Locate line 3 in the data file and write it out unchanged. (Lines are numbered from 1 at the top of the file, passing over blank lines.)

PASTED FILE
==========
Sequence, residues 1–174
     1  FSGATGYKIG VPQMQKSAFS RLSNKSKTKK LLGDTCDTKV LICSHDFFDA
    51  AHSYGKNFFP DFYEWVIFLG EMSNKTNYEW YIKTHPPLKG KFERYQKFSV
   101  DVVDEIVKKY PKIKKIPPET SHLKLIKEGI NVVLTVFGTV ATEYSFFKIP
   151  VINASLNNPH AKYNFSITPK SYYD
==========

    51  AHSYGKNFFP DFYEWVIFLG EMSNKTNYEW YIKTHPPLKG KFERYQKFSV